The voting record, after all, reflects not only, perhaps not mainly, the policy preferences the politician actually holds. Politicians have to get elected and reelected, and that means that, to a considerable extent, they have to take the positions that will get people to vote for them, and donate money to their campaigns, and work for their campaigns. I suspect the result is that two politicians who are, say, governors of Alaska, will in many respects have similar policies, even if they are from different parties and different ideological backgrounds. So will two politicians who are state senators from the south side of Chicago.
If an ex-state senator from the south side is running against a governor of Alaska, they will have very different records in terms of what they supported and what they voted for. Gun control is a lot more popular in Chicago than in Alaska, hunting a lot more popular in Alaska than in Chicago. But whichever one wins the election—I am ignoring the minor distinction between a presidential and vice-presidential candidate—will have the same job, depend on the same electorate to get reelected. The differences that in large part explain their past record will have mostly disappeared.
So perhaps there really is something to be said for judging character rather than voting record. Doing so makes both candidates look better, at least to me. Obama's voting record is that of a very liberal Democrat. But what I can judge of his actual views, in part from the people around him, in part from his own statements, suggests that he is much less of an ideologue than that record suggests, that he might, for instance, make a serious effort to pull libertarians out of the Republican party, which has not given them much in recent years, and into the Democratic, something I suggested several years ago. He might even try to rebuild the Democratic party around something a little more up to date and relevant than the New Deal.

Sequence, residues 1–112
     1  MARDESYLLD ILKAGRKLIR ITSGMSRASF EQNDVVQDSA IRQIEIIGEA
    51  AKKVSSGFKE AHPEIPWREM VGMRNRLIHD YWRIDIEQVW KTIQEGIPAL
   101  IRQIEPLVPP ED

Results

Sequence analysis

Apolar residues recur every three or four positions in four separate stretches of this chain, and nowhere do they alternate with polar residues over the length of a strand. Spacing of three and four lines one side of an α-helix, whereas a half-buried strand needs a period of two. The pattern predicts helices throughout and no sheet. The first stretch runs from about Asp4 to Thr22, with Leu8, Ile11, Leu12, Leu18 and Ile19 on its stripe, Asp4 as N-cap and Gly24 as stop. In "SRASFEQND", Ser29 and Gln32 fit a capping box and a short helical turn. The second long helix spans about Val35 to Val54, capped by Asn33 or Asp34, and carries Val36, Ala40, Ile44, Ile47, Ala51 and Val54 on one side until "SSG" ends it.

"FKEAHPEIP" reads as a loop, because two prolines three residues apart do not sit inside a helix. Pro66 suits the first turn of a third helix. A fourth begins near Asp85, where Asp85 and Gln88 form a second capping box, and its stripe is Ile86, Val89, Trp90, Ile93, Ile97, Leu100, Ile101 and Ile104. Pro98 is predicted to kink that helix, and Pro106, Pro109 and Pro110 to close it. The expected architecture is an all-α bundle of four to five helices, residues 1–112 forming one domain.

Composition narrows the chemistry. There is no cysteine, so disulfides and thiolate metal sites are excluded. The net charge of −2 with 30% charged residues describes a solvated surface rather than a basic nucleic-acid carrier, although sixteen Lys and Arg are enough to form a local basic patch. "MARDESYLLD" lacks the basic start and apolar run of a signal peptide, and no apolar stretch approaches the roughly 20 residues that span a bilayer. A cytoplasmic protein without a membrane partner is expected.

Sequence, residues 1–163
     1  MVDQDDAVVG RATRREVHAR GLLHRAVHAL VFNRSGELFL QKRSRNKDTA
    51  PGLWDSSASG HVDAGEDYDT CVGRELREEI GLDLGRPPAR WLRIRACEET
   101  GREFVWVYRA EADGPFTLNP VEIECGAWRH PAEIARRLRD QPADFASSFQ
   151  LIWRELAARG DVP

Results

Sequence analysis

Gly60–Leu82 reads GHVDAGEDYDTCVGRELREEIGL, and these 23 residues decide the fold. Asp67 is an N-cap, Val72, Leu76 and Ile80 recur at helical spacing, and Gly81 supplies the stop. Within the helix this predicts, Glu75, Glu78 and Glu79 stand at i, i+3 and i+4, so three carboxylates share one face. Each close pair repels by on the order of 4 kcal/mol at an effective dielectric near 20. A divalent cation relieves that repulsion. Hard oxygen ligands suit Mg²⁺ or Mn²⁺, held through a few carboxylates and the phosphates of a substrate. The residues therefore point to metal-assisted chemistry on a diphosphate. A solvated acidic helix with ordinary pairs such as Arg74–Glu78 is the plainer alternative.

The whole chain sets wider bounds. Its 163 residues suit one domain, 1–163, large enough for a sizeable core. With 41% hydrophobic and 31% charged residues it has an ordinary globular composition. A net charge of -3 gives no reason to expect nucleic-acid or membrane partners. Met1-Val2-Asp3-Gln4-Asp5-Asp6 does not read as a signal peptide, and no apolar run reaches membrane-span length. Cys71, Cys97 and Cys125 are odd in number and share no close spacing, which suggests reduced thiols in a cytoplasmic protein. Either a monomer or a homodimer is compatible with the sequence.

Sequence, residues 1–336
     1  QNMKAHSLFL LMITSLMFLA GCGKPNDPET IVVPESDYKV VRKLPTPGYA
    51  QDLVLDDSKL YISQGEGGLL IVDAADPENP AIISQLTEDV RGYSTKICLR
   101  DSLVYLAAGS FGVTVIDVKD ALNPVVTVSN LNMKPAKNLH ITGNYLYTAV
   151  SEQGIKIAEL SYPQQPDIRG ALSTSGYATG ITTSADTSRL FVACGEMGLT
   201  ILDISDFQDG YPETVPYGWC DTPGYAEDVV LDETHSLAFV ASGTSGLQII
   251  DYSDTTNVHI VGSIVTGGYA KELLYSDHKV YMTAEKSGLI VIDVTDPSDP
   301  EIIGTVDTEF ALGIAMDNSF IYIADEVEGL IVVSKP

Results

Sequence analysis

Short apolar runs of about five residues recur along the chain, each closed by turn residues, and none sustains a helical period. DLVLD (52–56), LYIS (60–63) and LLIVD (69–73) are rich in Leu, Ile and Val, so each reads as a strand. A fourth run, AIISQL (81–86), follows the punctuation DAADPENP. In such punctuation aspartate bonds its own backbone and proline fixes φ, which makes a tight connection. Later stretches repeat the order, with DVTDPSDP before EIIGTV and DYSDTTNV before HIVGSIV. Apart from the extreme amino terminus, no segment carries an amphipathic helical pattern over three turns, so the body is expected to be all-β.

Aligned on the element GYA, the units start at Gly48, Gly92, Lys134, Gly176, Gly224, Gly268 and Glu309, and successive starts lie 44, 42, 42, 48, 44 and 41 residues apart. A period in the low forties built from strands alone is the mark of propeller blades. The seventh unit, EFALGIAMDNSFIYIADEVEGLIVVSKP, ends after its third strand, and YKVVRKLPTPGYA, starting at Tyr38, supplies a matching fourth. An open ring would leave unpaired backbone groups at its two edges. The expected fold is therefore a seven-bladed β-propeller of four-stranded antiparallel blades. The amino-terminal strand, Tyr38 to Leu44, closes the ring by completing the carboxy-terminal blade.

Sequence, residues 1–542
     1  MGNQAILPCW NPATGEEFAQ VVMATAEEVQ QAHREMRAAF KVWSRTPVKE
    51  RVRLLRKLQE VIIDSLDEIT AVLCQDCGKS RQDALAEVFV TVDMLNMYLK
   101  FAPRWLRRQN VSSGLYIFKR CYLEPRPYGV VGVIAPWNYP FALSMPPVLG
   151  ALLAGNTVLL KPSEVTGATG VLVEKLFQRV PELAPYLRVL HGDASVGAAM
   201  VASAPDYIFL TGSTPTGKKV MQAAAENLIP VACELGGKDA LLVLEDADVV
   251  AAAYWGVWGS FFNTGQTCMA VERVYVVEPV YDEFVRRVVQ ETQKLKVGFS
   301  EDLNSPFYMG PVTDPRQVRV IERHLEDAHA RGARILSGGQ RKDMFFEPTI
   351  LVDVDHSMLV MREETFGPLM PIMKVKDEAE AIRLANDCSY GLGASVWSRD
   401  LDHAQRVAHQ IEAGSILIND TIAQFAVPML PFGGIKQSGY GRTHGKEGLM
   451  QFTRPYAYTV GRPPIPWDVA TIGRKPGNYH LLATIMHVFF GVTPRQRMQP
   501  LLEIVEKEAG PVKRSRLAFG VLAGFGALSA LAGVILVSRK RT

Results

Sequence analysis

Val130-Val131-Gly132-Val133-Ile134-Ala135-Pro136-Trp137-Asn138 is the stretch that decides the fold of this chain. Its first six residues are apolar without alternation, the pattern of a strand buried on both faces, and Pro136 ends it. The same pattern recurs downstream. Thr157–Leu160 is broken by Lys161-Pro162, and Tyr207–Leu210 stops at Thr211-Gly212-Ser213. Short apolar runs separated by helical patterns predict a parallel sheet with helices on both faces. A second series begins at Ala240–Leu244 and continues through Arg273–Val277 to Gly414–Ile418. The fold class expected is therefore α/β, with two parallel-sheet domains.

Similarly for Sarah Palin. As critics have pointed out, her much publicized opposition to earmarks and government spending stopped well short of declining federal money for Alaska when she, as governor, had a chance to get it. But then, that is what one would expect of a governor. Her actions with regard to Alaskan money are perhaps a better measure of how she would act with regard to federal spending if she got promoted out of her present job. And her general style suggests the sort of politician who would be willing to fight, perhaps able to win, against a variety of entrenched interest groups.
Now if I could just forget about those other two... .
Labels: Palin Obama